Neuroscientists at The University of Texas at Austin have generated mutant worms that do not get intoxicated by alcohol, a result that could lead to new drugs to treat the symptoms of people going through alcohol withdrawal.
The scientists accomplished this feat by inserting a modified human alcohol target into the worms, as reported this week in The Journal of Neuroscience.
"This is the first example of altering a human alcohol target to prevent intoxication in an animal," says corresponding author, Jon Pierce-Shimomura, assistant professor in the university's College of Natural Sciences and Waggoner Center for Alcohol and Addiction Research.
An alcohol target is any neuronal molecule that binds alcohol, of which there are many.
One important aspect of this modified alcohol target, a neuronal channel called the BK channel, is that the mutation only affects its response to alcohol. The BK channel typically regulates many important functions including activity of neurons, blood vessels, the respiratory tract and bladder. The alcohol-insensitive mutation does not disrupt these functions at all.
"We got pretty lucky and found a way to make the channel insensitive to alcohol without affecting its normal function," says Pierce-Shimomura.
The scientists believe the research has potential application for treating people addicted to alcohol.
"Our findings provide exciting evidence that future pharmaceuticals might aim at this portion of the alcohol target to prevent problems in alcohol abuse disorders," says Pierce-Shimomura. "However, it remains to be seen which aspects of these disorders would benefit."
Unlike drugs such as cocaine, which have a specific target in the nervous system, the effects of alcohol on the body are complex and have many targets across the brain. The various other aspects of alcohol addiction, such as tolerance, craving and the symptoms of withdrawal, may be influenced by different alcohol targets.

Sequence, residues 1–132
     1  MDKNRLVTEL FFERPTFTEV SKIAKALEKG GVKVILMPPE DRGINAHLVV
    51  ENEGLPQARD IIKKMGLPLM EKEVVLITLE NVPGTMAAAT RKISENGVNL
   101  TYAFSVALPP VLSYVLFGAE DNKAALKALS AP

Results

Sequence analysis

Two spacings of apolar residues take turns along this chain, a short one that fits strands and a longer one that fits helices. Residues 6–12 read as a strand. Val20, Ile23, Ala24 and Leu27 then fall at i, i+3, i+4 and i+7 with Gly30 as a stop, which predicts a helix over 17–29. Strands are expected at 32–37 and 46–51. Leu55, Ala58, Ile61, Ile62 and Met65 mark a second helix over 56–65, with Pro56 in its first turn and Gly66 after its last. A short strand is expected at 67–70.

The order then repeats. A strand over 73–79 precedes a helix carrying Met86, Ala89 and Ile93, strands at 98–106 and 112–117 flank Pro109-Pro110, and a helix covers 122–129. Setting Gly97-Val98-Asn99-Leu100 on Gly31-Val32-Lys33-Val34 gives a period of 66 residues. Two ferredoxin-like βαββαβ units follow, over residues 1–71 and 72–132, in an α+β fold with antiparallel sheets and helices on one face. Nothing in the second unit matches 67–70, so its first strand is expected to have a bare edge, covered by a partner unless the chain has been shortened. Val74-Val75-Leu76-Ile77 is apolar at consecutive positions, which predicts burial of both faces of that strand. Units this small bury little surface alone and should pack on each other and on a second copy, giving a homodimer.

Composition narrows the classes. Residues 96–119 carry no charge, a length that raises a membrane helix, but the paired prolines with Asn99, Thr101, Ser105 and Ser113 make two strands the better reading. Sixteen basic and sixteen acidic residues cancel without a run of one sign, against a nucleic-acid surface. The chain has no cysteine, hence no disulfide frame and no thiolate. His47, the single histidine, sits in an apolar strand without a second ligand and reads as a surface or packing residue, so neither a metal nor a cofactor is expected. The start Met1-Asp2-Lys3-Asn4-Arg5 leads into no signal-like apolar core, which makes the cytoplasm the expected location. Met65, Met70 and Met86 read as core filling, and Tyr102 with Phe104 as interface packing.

The worms used in the study, Caenorhabditis elegans, model intoxication well. Alcohol causes the worms to slow their crawling with less wriggling from side to side. The intoxicated worms also stop laying eggs, which build up in their bodies and can be easily counted.
Unfortunately, C. elegans are not as ideal for studying the other areas of alcohol addiction, but mice make an excellent model. The modified human BK channel used in the study, which is based on a mutation discovered by lead author and graduate student Scott Davis, could be inserted into mice. These modified mice would allow scientists to investigate whether this particular alcohol target also affects tolerance, craving and other symptoms relevant to humans.
Pierce-Shimomura speculated that their research could even be used to develop a 'James Bond' drug someday, which would enable a spy to drink his opponent under the table, without getting drunk himself. Such a drug could potentially be used to treat alcoholics, since it would counteract the intoxicating and potentially addicting effects of the alcohol.
Davis and Pierce-Shimomura's co-authors at The University of Texas at Austin were research associate Luisa Scott and undergraduate student Kevin Hu.
This research was funded by the ABMRF/The Foundation for Alcohol Research, the National Institute on Alcohol Abuse and Alcoholism and the Waggoner Center for Alcohol and Addiction Research at The University of Texas at Austin.
Steve Franklin | Eurek Alert!